Educational Research Association, Chicago.
Grolnick, W. S., & Slowiaczek, M. L. (1994). Parents' involvement
in children's schooling: A multidimensional conceptualization and motivational
model. Child Development, 65(1), 237-252. EJ 478 223.
Nord, C. W., Brimhall, D., & West, U. (1997). Fathers' involvement
in their children's schools. Washington, DC: U.S. Department of Education.
ED 409 125.
Ortiz, R., Stile, S., & Brown, C. (1999). Early literacy activities
of fathers: Reading and writing with young children. Young Children, 54(5),
16-18. EJ 595 637.
Senechal, M., LeFevre, J., Thomas, E. M., & Daley, K. E. (1998).
Differential effects of home literacy experiences on the development of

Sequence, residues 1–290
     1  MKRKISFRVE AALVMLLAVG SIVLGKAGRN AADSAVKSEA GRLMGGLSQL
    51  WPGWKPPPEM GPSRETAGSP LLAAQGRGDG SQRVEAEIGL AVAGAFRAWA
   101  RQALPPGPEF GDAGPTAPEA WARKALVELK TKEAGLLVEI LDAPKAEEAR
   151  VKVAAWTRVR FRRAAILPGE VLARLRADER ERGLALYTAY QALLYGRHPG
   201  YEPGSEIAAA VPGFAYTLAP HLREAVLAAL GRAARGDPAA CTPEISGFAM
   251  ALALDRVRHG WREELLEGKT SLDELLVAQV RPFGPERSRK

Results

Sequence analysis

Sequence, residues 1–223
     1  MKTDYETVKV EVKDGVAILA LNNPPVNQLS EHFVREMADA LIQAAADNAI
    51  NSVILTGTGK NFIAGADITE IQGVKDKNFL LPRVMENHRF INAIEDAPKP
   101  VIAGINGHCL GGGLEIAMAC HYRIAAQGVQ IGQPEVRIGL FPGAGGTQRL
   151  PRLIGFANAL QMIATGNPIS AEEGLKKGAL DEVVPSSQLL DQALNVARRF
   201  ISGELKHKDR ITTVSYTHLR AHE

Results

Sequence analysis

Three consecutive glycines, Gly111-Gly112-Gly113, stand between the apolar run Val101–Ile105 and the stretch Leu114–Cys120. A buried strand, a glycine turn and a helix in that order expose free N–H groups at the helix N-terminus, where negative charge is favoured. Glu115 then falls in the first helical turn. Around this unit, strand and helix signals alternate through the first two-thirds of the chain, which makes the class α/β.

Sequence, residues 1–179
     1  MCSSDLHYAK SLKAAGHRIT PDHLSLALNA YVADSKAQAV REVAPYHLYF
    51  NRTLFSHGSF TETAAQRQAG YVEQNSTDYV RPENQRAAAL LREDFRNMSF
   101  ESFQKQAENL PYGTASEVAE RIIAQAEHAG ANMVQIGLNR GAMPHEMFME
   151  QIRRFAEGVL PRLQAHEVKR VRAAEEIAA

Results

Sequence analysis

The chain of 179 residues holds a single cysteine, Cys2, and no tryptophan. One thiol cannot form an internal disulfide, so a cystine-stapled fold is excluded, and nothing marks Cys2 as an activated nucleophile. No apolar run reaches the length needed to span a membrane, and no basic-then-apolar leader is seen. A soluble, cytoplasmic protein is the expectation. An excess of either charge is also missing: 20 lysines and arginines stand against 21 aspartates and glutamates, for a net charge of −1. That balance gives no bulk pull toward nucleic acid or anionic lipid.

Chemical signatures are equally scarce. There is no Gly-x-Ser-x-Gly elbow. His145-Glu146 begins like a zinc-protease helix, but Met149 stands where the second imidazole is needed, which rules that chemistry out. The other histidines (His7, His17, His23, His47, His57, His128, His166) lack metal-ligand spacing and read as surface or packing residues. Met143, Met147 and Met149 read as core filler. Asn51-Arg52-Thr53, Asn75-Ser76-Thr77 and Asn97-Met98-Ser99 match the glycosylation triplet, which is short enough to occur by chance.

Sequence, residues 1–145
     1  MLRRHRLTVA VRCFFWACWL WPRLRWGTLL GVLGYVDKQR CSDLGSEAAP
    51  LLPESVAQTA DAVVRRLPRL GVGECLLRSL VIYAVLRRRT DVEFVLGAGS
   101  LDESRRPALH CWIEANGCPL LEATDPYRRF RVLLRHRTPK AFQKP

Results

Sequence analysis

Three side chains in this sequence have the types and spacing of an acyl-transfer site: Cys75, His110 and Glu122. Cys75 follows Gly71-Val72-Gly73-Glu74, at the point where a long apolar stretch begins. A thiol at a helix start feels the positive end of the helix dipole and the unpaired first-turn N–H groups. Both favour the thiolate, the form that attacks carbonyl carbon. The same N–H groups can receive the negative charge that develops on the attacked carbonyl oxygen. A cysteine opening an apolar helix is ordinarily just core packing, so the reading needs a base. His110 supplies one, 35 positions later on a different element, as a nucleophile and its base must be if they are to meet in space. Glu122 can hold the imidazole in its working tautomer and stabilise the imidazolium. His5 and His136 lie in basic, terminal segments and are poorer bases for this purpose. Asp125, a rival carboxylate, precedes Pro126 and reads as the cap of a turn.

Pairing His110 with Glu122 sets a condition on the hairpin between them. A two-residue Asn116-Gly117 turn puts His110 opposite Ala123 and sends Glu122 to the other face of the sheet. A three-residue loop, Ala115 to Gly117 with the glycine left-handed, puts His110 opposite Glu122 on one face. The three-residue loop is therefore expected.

oral and written language. Reading Research Quarterly, 33(1), 96-116. EJ
Snow, C. E., Burns, S., & Griffin, P. (Eds.). (1998). Preventing
reading difficulties in young children. Washington, DC: National Academy
Press. ED 416 465.
Wasik, B. A., & Bond, M. A. (2001). Beyond the pages of a book:
Interactive book reading and language development in preschool classrooms.
Journal of Educational Psychology, 93(2), 243-250. EJ 638 739.
Whitehurst, G. J., & Lonigan, C. J. (1998). Child development and
emergent literacy. Child Development, 69(3), 848-872. EJ 569 165.
Yarrow, L. J., MacTurk, R. H., Vietze, P. M., McCarthy, M. E., Klein,
R. P., & McQuiston, S. (1984). Developmental course of parental stimulation
and its relationship to mastery motivation during infancy. Developmental
Psychology, 20(3) 492-503. EJ 308 824.